One of the executives came over to me, extending his hand to shake. “Zara Pritchard. I remember you. It’s good to see you here.”
My latte was sweating all over my hand, so I transferred it to my other, wiped my wet palm on my sweatshirt, and then extended it to him, hoping that didn’t look too awkward. “Thank you, sir. I’m very excited for this opportunity. I won’t let you down. You won’t be sorry.”
He took my hand and shook it with a nod. “Of course.”
“I’ve been working extra hard since I got the call,” I told him quickly. “Practicing my triple axels and toe loops to make sure I can keep up with the show. I’m used to putting in at least fifteen hours a day, so whatever you need, I can do. You can just point me to it, and I’ll be good to go. I’m really versatile, too. Any sort of routine you need—”
He was starting to get a glazed look in his eyes, and I knew I was babbling. But the truth was, I needed this job badly. And I couldn’t seem to make myself shut up, despite the pitying look that Jon Jon was giving me over his shoulder.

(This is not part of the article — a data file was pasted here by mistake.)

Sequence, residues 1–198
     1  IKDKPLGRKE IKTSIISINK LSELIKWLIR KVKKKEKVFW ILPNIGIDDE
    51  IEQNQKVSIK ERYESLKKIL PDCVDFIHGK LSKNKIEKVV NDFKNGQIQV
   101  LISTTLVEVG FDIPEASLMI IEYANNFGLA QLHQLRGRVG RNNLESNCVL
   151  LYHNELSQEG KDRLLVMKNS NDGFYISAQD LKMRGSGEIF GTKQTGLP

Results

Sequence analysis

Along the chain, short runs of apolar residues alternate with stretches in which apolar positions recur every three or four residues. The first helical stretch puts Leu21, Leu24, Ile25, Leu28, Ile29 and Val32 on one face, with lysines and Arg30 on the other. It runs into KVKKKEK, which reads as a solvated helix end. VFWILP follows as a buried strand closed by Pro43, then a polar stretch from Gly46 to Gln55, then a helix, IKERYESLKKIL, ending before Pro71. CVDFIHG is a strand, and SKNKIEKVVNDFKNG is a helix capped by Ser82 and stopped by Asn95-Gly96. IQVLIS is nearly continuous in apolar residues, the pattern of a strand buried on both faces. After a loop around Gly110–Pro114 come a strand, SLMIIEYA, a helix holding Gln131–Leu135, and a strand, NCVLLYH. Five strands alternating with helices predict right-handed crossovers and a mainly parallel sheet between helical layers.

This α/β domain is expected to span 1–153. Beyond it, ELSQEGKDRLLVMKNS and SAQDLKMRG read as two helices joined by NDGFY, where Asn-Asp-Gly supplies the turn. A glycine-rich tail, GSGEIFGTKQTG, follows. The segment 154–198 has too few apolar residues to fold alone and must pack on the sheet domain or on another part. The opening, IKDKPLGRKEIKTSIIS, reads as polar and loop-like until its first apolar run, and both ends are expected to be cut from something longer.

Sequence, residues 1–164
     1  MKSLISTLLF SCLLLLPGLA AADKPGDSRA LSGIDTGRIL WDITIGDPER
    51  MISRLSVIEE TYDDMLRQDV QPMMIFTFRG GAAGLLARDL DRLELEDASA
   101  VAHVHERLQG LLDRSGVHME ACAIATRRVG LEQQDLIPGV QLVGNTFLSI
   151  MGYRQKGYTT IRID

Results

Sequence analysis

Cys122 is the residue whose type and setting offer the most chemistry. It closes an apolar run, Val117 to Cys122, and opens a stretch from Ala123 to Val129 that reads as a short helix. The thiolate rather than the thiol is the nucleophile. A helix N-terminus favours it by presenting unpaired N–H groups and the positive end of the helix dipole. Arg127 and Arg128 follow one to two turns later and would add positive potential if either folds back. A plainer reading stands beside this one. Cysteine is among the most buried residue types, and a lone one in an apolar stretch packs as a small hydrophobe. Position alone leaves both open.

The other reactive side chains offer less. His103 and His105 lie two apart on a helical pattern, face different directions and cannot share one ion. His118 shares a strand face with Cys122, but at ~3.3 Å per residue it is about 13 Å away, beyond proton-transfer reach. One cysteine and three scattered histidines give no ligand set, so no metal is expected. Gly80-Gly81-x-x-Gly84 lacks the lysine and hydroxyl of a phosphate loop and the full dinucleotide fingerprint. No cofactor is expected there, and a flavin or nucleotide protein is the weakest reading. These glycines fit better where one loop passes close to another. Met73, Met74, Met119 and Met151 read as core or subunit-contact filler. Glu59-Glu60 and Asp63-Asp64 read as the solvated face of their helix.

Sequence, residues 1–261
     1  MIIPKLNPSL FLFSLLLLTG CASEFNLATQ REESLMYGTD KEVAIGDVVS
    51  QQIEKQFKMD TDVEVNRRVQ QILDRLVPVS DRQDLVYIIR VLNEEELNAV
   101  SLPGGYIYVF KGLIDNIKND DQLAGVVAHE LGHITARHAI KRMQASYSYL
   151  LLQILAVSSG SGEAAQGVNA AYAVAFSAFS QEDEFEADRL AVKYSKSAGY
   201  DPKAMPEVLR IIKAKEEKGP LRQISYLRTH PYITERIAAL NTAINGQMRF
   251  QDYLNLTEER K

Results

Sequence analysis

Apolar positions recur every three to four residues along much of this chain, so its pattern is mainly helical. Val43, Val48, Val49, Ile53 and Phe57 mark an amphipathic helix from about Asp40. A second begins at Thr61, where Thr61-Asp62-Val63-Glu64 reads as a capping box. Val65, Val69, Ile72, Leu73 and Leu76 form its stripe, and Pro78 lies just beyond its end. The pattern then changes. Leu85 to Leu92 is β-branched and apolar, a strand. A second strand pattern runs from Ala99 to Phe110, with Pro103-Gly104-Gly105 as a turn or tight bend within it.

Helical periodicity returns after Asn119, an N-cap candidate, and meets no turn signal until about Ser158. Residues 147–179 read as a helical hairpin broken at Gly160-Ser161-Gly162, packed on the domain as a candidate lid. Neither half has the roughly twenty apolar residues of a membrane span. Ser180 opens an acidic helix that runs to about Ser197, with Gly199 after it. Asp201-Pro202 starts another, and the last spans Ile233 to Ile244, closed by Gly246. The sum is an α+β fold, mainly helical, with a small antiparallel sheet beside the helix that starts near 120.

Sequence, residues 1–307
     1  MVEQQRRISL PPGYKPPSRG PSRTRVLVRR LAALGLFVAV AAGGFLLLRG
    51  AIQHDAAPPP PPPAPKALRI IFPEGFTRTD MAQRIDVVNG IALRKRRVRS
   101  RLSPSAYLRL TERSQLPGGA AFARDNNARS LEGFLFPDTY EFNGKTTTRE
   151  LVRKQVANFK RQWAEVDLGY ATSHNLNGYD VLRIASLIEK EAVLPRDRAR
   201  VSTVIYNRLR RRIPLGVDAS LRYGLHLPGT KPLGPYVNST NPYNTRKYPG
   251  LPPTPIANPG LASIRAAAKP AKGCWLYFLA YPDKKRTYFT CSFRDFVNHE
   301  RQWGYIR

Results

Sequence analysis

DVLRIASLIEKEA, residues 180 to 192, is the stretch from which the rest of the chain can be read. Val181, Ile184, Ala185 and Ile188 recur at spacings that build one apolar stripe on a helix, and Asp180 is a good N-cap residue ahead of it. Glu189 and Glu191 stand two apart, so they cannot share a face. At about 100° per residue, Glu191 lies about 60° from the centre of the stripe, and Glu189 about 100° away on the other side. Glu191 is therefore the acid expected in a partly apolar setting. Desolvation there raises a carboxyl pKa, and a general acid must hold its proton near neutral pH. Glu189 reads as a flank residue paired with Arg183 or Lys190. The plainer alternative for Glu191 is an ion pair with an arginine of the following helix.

“I have lots of ideas for choreography, too,” I gushed, helpless to stop my nervous babbling. “That was one of my specialties when I was competing. I tend to score very well artistically. Not that my technical scores weren’t great, of course. I mean, they were. It’s just that I really prided myself on my artistry, and so—”
“Who’s this?” The female executive cut me off, moving to the man’s side. She gave me a cool look up and down.
The man gratefully snatched his hand back and put it on my shoulder instead. “This is Zara Pritchard. She’s filling in for Svetlana, since she’s too pregnant to compete.”
Yes! Thank you, Svetlana, for getting knocked up. I totally needed to send that woman flowers. I gave the female executive my best beaming smile.